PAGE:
Siger, Jeffrey - 'Mykonos After Midnight'
Christos Vasilakis, the legendary owner of the most famous and exclusive night club on the Greek island of Mykonos is found at his house tortured and savagely bludgeoned to death. The Greek homicide squad are called from an adjacent island and start investigating the death and questioning neighbours and friends. Christos's cleaner from Kosovo, who discovered her employer's body tells the investigators that although the murderers have ransacked a large safe, they did not locate a second one which was hidden behind some tiles on another floor. This second safe contained papers, DVDs and tapes of politically explosive secrets about many important figures on the island and mainland. The detectives find some incriminating video footage of the potential killers from street surveillance cameras.
Chief Inspector Andreas Kaldis, the Greek Police's Special Crimes Division Head, is called from his office in Athens by one of the assistants he had when he was in charge of the police on Mykonos and he takes a personal interest in the crime. It seems that the deceased Christos had a Polish girlfriend who left a few days before his death to visit her family in Poland and the cleaner from Kosova describes hearing an incriminating telephone conversation before she left with a Russian named Sergey. Andreas and his assistant detectives continue their detailed investigation.
This multifaceted mystery story alternates the police procedural with the Russian Sergey trying to buy a hotel in Mykonos with a view to turn it into a modern money-making machine. As a Russian he has a very limited knowledge of Greek and needs advice and direction from a local named Wacki. Unknown to him, Wacki is reporting to another boss overseas. What could their secret be? The author discusses in the book the background to Grecian economic problems and the effect on the average citizen's living standards, as he sees it.
It was very interesting reading a police procedural again with all the interaction between the different Greek detectives that regular readers of this series will have got to know and the very tight plotting was very impressive and makes me want to look out for further books by this very gifted American author. Although this book is the fifth book in a series about Chief Inspector Andreas Kaldis and his fellow detectives, and the fifth I've read, new readers are welcomed to this book as all background stories of the characters are provided.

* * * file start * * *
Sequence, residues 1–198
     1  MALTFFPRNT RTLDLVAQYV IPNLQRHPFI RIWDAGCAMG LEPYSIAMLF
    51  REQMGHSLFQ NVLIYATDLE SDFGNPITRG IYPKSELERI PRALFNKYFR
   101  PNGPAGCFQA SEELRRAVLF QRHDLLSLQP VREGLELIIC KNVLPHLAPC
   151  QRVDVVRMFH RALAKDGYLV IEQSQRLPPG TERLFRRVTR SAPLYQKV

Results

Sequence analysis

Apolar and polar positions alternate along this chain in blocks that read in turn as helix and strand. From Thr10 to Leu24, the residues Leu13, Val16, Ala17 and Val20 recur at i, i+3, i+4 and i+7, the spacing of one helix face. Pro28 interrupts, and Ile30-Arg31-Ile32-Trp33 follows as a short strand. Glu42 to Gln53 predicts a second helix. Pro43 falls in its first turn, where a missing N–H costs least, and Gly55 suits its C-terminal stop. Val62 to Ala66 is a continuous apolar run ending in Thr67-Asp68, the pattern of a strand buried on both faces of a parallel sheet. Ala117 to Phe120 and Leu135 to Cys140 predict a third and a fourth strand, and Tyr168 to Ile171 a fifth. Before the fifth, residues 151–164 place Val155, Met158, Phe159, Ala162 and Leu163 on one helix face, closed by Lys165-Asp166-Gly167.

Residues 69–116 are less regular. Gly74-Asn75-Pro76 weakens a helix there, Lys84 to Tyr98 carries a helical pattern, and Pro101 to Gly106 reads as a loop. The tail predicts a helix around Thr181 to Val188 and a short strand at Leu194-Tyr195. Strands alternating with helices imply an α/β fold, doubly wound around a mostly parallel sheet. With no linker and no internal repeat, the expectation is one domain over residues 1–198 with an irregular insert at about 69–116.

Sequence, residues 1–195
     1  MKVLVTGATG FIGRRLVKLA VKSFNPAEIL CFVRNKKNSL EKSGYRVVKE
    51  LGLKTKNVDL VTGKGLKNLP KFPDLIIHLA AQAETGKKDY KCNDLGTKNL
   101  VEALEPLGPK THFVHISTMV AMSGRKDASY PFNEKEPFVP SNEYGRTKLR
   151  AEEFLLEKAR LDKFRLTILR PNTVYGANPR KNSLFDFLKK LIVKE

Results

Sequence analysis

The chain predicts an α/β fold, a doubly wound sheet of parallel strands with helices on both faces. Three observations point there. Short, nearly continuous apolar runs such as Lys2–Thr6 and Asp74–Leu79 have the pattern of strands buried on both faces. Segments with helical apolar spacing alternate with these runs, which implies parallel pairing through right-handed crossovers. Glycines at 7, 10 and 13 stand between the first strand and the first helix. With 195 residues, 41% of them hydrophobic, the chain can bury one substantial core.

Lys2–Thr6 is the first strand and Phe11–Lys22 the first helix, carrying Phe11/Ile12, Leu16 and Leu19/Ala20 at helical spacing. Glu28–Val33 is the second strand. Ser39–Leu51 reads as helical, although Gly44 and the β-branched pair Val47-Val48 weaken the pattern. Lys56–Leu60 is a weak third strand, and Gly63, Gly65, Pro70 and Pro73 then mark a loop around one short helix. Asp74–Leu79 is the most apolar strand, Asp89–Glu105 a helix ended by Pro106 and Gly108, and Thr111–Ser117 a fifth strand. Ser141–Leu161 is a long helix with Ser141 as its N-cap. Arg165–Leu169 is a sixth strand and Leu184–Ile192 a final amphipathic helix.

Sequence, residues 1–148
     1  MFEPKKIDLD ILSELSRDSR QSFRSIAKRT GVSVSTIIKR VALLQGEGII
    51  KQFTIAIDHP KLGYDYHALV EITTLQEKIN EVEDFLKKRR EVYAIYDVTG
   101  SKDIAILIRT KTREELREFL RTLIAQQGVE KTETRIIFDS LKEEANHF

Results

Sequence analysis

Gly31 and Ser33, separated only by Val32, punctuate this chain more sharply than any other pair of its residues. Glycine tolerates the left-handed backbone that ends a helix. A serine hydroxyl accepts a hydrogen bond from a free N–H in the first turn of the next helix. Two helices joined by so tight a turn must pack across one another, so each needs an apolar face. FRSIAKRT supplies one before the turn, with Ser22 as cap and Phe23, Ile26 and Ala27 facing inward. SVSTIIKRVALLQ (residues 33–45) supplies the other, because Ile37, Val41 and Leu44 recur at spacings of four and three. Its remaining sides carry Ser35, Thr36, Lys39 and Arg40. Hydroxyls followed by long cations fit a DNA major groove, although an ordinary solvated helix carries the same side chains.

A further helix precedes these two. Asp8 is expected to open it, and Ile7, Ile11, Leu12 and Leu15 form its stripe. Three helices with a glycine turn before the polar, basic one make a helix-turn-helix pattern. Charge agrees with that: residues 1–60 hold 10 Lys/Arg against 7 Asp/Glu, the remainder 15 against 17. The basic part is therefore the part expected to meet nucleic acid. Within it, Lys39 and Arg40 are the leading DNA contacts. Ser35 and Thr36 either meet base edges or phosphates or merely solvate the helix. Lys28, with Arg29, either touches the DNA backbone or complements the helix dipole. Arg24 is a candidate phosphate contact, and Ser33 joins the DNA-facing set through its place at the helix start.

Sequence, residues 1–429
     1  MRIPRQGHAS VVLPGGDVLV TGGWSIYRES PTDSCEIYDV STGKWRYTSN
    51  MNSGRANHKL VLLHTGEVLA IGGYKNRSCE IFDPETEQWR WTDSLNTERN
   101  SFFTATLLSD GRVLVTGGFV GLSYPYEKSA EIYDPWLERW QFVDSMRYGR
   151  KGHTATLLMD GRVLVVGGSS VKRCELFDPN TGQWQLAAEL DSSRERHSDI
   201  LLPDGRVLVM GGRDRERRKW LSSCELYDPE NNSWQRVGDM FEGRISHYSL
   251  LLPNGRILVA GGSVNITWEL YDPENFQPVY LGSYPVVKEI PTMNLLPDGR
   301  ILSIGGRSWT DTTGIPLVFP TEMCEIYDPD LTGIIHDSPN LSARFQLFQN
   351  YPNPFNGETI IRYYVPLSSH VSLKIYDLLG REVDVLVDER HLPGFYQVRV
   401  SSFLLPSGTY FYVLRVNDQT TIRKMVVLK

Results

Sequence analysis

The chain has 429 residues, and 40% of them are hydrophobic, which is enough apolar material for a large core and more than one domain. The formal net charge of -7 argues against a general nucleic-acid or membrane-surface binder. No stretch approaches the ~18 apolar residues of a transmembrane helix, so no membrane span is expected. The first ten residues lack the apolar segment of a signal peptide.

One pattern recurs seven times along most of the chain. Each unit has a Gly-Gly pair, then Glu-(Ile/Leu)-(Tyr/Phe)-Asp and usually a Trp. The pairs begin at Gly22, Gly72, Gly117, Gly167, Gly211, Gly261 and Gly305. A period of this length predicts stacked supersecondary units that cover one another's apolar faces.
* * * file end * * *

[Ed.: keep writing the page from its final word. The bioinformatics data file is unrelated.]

The case is investigated with many different lines of enquiry before reaching the ultimate conclusion. There are many red herrings and twists and turns before the end of this story. Of all the books he has written this one was the author's best with very many changes of direction in the fast-paced, exciting but very tightly plotted story. Chief Inspector Andreas Kaldis is an intriguing and well-drawn creation and we learn a little bit more about him from book to book. The books are all very gripping and whilst they are very evocative of the rustic tourist landscape of Greece, they are extremely readable examples of good police procedurals. In the previous book review I said the author's writing is similar to other American authors of police procedurals such as Joseph Wambaugh or Ed McBain and I have not altered that view. I look forward eagerly to reading his next one. Most enjoyable and highly recommended.
Terry Halligan, England